My thoughts were interrupted by the sound of more feeding on the bait. I got ready, but it turned out to be a pair of honey badgers. The PH concluded that if they were feeding, the leopard was gone for the night, so we left.


We returned the next day to pull the blind, figuring that after four nights the leopard was finished. But it was clear the big male-a cat now dubbed the Mahochi Leopard after a nearby stream-had returned shortly after we left the blind.

The bait was finished, so I shot an impala, hoping the fresh meat would keep the cat's interest for one more night.

We were back in the sauna-like blind by mid-afternoon. The only action for hours, other than my sweat dripping, was when a flock of hundreds, perhaps thousands, of little sparrow-like arrow-marked babblers landed and fed in the brush that covered our blind. The sound they collectively made was incredible. It was a special treat to be completely engulfed by these birds; they didn't have a clue we were there. Then, as suddenly as they arrived, they were gone.

Hours of boredom followed until the drums and singing started again across the river. As we sat in the dark, mesmerized by the sound, I heard feeding on the bait. I got ready, but when the PH turned on the light, it shone not on the leopard, but into the trees above him. The flickering shadows spooked the big male and it instantly jumped out of the tree and melted into the dark. We speculated later that the birds had knocked the light askew by moving its support branches.

There was nothing to be done except sit in the dark and seethe. All this time, thousands of miles of travel, thousands of dollars spent, years of yearning and dreaming, and it all came down to a foolish mistake. I was anything but happy.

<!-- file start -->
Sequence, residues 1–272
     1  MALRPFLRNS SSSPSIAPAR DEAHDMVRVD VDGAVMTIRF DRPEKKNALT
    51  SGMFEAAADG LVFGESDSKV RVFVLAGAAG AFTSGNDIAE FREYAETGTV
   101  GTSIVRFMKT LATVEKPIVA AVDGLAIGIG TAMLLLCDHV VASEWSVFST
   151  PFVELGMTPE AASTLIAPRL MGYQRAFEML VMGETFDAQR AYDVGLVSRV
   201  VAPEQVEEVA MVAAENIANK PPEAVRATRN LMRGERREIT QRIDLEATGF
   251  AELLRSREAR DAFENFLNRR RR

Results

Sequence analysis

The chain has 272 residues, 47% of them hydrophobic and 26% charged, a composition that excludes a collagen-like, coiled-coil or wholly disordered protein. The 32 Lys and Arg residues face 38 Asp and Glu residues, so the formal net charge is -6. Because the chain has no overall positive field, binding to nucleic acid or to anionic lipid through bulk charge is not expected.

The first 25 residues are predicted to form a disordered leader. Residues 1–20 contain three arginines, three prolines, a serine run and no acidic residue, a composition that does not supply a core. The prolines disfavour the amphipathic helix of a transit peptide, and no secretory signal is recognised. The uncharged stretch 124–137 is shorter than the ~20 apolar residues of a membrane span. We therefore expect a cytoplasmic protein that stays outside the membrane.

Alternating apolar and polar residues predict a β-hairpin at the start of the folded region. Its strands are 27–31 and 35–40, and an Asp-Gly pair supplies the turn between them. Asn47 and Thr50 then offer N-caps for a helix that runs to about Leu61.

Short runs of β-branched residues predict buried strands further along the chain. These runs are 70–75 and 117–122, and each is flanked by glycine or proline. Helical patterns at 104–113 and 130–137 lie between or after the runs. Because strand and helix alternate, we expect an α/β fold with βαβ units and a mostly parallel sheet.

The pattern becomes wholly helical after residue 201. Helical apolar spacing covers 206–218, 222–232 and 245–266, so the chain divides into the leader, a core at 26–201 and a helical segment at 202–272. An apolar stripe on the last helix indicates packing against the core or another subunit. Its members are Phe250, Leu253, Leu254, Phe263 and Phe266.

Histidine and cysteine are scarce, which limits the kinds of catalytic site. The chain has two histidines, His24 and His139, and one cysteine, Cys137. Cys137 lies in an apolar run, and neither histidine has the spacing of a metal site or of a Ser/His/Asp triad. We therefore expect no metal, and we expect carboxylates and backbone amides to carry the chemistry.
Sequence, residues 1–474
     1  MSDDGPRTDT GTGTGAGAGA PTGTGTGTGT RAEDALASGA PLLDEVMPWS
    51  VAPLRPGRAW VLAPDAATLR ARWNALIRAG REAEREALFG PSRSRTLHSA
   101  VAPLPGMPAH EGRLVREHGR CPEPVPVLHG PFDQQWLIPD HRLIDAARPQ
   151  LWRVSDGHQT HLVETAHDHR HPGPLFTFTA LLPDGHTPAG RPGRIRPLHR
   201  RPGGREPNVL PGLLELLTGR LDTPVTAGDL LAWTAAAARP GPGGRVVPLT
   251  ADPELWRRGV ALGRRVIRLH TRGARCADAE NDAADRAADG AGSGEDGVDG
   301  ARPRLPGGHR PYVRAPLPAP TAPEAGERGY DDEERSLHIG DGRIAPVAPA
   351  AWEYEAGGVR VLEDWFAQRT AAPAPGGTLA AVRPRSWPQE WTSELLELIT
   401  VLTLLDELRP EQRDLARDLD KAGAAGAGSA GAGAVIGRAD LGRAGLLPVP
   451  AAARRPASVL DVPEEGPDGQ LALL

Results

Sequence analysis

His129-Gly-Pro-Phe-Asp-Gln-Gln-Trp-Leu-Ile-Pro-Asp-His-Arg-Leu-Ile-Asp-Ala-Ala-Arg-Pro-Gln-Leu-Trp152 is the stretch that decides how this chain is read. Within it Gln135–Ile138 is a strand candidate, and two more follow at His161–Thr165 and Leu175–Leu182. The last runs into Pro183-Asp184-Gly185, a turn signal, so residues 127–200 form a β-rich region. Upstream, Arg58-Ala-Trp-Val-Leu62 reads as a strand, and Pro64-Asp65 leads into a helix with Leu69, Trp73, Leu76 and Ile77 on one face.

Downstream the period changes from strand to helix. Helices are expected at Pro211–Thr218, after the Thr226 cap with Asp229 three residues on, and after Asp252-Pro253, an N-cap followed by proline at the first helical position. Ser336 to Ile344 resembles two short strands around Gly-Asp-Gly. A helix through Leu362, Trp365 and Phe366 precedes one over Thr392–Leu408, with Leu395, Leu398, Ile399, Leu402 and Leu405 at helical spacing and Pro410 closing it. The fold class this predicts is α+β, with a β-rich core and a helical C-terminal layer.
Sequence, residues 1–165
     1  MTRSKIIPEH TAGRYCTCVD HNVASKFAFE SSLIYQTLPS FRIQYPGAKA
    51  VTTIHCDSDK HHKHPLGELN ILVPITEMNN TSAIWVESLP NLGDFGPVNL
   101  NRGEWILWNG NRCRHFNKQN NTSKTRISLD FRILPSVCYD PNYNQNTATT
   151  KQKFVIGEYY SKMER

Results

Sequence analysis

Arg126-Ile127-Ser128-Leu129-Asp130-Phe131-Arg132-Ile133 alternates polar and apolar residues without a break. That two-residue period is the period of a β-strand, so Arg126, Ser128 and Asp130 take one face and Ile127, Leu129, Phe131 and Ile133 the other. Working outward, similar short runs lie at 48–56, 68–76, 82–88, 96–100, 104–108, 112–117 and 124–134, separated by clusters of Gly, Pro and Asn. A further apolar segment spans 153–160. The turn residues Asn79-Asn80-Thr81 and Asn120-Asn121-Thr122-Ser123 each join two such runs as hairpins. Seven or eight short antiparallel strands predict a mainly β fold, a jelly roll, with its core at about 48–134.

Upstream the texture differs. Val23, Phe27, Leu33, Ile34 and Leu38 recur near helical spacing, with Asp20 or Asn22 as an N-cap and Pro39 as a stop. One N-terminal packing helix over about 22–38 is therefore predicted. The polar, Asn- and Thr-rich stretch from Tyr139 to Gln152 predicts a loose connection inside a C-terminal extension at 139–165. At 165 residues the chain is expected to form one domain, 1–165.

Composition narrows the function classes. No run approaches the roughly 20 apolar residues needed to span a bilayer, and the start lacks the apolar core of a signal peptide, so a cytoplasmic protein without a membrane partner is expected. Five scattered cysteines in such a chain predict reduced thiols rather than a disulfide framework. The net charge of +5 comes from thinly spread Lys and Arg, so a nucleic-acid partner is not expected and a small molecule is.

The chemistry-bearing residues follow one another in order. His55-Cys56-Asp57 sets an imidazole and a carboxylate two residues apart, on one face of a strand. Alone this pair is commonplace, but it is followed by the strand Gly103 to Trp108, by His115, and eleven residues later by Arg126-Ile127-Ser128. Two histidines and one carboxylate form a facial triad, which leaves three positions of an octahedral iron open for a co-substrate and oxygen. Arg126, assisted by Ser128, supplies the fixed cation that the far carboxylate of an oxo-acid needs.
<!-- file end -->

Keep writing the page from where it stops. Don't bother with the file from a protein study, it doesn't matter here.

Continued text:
A few hours later I listened as a herd of elephants splashed in the river and trumpeted with glee. I hated them for their levity and wanted the world to be as bleak as I was feeling.

An hour later the gassy elephant showed up. Soon after it left I heard soft feeding sounds on the bait. It was either something small, or perhaps a leopard trying not to be noticed. I nudged the PH and got ready on the rifle.

Once again, I knew as soon as the light hit the cat. The tom turned his big head to look at us, and I had no doubt. I saw pure malevolence; there was no fear, only loathing in those piercing yellow eyes. As soon as the PH spoke, I pulled the trigger.

I was to do absolutely nothing after the shot except listen. The PH had told me that if the shot was good, we would hear some thrashing and then the death coughs. When they stopped, the cat would be dead. He talked again and again about how important it was to hear those coughs. Now, with my Game Ears turned up high, I could hear a very faint cough, but the PH heard nothing and would not believe me. He accused me of missing, but I knew the shot was good. When we arrived at the bait, the tree and ground were covered with blood. "This is worse," he said, "you've wounded him." He was beginning to talk me into doubting.

Following a wounded leopard is very high on the list of what most professional hunters least want to do in life. It's extremely dangerous and all too often results in disaster. Many hunters wait until morning and follow when the light is good. The problem is you can't see the hidden cat until you are very close-often not until it starts its charge, giving you about half a second to react and shoot. But by following at night, the hunter actually has the advantage, if he doesn't screw up. The wounded cat will lay waiting for an ambush, well covered and impossible to see-except for his eyes, which will reflect the flashlights. This is a huge advantage, as the cat thinks he is still hidden and will lie still, giving the hunter a chance to finish things.